• Change the path of the Linker in all .mak files
  • In the MS-Studio environment (options) add:
    • executable path of the assembler 6.11
    • include path of the 95DDK inc32 (Inc32)
    • include path of the 95DDK inc16 (Inc16)
    • lib path of the 95DDK (lib)
    • include path where VXDTDI Headers are
    • include path of the 95DDK (Block/Inc)

Use the Developer Studio Project "95projects". Build the VXDs one by one. Build CodaStart for a more convenient way to stat Coda.

Installing Coda after build

  • Create the directories C:\usr\coda\{bin, etc, spool, venus.cache}.
  • Put Venus.exe Relay.exe, Mount.exe, Unmount.exe, sock.vxd, mc.vxd, mcstub.vxd, mmap.vxd in the directory called C:\usr\coda\bin.
  • Create the file C:\usr\coda\etc\vstab which includes a line like
    n:/dev/cfs0:<ip adress of server 1>,..,<ip adress of server n>,<cachesize>:1
    
    Use
    n:/dev/cfs0:128.2.209.213:100000:1
    
    to work with the CMU-testserver and mount on the N drive.
  • Add the two VXDs mcstub.vxd, mmap.vxd to the C:\Windows\System.ini file in the section 386Enh by typing "device=C:\usr\coda\bin\mcstub.vxd".
  • Add the path c:\usr\coda\bin to the PATH environment variable in c:\autoexec.bat.
  • Restart the computer.
  • The programs clog.exe, ctokens.exe, cunlog.exe, cfs.exe, hoard.exe, codacon.exe, venus-setup.bat will be build with the coda server for NT.

You are now at the point where the installer would have left you. To start Coda read the section Windows95: Starting and Configuring a Coda client.

6.5 Building and installing a Coda Server for NT

Note: At present there is no client kernel source code available yet. We will release some very experimental binaries soon. When are a little further with it, we will release the sources, of course.

You can however build a Venus (which you can with the supplied kernel Coda FSD for NT) and you can build a server.

Coda has alpha support for Coda servers running on NT and Windows 95. The Win32 binaries are constructed using the Cygnus Win32 kit, which effectively translates Unix system calls to Win32 calls.

We build the Win32 binaries on Linux workstations using a cross compiler, just for our convenience. At the moment this is not for the faint of heart, since quite a few things have to be done by hand. Of course we encourage playing and will try to help and fix bugs.

The build process

You will need:

  1. Get the cross compiling kit: ftp://ftp.coda.cs.cmu.edu/pub/tools/win32/cygwin-b20_glibc-3.i386.rpm.
  2. ftp://ftp.coda.cs.cmu.edu/pub/tools/win32/libgdbm-nt-1.7.3-3.i386.rpm. (These are rpms for RedHat 5.0. Sources are available of course.).
  3. Get the coda-?.?.? tar ball ftp://ftp.coda.cs.cmu.edu/pub/coda/src.
  4. Unpack & build
    ./configure --target=nt
    make coda
    
  5. drink coffee, ignore or, better even, fix the compiler warnings.

Native building should be possible; you'll have to make a few changes to configs/coda.m4 and create a new configs/Makeconfig.ntnative file; then run autoconf and get cracking. But don't you dare send us patches with ^M characters made by Windoze machines!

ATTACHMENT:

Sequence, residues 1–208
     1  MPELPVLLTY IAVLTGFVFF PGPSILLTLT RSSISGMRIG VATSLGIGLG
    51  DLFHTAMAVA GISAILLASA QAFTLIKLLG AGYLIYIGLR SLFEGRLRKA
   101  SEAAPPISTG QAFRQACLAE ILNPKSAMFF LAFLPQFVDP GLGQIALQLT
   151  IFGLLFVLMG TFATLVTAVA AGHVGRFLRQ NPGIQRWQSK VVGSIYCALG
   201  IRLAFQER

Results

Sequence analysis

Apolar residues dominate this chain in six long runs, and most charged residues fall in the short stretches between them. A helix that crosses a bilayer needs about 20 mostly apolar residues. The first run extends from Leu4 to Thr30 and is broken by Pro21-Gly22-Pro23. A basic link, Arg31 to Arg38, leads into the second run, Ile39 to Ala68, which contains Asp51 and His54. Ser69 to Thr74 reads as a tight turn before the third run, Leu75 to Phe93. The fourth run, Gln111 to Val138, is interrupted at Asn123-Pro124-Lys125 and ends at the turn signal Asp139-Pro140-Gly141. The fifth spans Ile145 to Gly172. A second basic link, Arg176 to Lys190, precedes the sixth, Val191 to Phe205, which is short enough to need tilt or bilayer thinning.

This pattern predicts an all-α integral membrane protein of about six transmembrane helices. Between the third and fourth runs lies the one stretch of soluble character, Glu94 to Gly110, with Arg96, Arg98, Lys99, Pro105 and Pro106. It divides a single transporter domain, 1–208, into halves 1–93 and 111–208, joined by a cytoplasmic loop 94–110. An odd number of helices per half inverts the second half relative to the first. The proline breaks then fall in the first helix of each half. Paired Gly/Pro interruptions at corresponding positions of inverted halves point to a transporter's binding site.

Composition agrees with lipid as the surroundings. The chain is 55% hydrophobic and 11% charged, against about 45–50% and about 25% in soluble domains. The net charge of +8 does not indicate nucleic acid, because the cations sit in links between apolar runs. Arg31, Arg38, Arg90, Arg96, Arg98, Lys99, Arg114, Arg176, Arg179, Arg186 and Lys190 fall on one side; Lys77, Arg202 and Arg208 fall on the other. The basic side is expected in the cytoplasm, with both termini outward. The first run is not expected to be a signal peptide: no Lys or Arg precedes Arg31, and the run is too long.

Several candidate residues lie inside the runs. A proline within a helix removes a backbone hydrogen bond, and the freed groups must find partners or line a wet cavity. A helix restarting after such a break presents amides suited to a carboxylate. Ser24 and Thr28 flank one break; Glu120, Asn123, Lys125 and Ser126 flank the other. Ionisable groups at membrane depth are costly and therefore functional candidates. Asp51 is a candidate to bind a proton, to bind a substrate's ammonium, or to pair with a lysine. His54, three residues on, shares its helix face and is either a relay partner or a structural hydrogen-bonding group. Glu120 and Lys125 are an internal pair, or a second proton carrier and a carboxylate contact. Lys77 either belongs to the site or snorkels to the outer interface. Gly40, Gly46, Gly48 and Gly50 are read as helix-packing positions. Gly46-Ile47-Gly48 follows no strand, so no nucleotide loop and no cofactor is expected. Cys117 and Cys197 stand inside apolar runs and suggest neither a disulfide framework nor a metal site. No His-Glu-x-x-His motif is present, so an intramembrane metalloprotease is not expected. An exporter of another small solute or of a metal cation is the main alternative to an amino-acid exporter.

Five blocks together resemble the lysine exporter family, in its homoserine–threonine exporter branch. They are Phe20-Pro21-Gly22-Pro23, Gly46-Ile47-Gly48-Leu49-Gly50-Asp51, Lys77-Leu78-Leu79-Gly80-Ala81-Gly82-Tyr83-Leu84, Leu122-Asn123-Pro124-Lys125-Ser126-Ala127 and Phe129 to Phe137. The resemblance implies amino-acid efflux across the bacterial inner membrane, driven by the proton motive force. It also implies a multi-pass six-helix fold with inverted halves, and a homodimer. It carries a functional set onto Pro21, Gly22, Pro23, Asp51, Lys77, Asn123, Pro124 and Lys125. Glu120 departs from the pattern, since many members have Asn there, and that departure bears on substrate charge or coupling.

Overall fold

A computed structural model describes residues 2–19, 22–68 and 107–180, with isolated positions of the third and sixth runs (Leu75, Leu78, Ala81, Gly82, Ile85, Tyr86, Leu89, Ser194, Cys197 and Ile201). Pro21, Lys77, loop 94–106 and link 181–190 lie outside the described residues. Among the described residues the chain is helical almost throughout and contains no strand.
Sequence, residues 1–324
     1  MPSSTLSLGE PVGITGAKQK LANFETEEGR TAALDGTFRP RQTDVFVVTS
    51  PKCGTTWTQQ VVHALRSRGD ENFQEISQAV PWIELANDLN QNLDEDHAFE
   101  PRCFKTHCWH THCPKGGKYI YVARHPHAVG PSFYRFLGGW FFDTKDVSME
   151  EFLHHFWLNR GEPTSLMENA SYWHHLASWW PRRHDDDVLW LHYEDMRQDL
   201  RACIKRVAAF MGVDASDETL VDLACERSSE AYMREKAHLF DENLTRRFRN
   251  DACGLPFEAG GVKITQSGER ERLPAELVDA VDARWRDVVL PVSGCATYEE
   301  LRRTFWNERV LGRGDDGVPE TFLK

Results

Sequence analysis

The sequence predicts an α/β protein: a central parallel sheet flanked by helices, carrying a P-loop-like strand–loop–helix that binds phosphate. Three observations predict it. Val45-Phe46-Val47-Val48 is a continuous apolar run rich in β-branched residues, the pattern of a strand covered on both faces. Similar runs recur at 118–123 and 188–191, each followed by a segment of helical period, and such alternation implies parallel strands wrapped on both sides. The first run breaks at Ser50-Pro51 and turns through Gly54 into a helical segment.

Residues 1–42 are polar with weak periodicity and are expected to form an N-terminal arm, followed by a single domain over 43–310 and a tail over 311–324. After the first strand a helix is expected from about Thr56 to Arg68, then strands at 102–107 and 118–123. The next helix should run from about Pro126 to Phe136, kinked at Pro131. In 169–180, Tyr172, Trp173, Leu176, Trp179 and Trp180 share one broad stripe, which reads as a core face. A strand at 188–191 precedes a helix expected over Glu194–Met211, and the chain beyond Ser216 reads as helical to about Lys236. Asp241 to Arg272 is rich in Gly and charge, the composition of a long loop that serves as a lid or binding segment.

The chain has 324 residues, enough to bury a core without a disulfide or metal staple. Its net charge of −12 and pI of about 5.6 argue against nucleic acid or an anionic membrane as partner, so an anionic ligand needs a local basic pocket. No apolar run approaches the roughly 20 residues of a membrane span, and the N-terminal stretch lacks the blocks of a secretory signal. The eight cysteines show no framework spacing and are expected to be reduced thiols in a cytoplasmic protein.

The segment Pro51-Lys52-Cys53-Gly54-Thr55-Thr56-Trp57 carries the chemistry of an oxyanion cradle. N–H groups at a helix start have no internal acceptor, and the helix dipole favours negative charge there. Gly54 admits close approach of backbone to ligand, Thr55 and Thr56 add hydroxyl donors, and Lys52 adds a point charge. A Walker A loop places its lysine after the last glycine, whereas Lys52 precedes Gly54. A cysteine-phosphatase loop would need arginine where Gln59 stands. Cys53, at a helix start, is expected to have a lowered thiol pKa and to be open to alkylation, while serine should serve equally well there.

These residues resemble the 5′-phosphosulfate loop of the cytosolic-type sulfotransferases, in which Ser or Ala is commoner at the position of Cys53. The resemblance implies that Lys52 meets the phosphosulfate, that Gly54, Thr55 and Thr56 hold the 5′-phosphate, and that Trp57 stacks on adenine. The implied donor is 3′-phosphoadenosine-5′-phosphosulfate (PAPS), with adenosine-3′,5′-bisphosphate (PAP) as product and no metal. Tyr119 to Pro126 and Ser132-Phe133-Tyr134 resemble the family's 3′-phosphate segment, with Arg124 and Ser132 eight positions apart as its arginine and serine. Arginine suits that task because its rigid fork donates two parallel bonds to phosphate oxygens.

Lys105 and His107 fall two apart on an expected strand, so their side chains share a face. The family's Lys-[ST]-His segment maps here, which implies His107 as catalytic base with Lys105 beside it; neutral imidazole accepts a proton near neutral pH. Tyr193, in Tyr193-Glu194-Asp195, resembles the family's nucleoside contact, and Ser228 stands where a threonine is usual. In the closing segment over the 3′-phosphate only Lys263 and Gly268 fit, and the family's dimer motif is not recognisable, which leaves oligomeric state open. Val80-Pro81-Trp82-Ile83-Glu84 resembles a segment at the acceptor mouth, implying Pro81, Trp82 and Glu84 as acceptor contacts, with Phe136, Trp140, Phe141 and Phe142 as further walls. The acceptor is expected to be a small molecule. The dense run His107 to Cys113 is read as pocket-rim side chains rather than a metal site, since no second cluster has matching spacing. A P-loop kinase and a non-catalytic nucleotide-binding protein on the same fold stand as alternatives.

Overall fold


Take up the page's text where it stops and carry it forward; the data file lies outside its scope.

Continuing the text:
Manual configuration after building

  1. Install into an area for NT binaries on your Linux box still (drink coffee, ignore or better even fix the compiler warnings) Put the binaries in a suitable place using: make BINDIR=TARGET/bin SBINDIR=TARGET/bin server-install
  2. get samba running on that RH machine and export the build area for Coda.
  3. replace
    C:\cygwin\cygwin-b20\H-i586-cygwin32\bin\cygwin1.dll
    
    with the one from: ftp://ftp.coda.cs.cmu.edu/pub/coda/support/nt-patches or directly from cygnus. The version of cygwin1.dll must be from 01/15/99 or newer.
  4. get bash going. It can be started from the "Start" menu.
  5. organise your mountpoints for Cywin. You will find the root volume mounted on c:\. Change this to c:\coda by typing:
    umount /
    mount -b C:\coda  /
    
    The -b, for binary mounting is vital.
  6. For your convenience add the entry
    SET HOME=C:\Coda
    
    in the file cygnus.bat somewhere in the Cygwin path. You can also create the file .bashrc in the c:\coda directory which gets called, when the Cygwin shell gets started. We set the export path (described below) and cd to the home directory that way.
  7. Create some directories, create /bin/sh and export the path by typing:
    mkdir /bin /vice /rvm /vicepa /tmp
    touch /rvm/LOG
    touch /rvm/DATA
    cp //c/cygwin/cygwin-b20/H-i586-cygwin32/bin/bash /bin/sh
    export PATH=/bin:$PATH
    
  8. Install your Coda stuff build as described above. Suppose the coda-?.?.? area is a mapped drive on the NT machine with drive letter H: type in bash:
    cd //H/
    cp * /bin
    
    or use the Windows Explorer. The binary files might not have the extension .exe. In that case just change the name, but distinguish between bash shell scripts and binaries.

You are now at the point where the installer would have left you. To configure and start the server read the section Codaserv -- the server.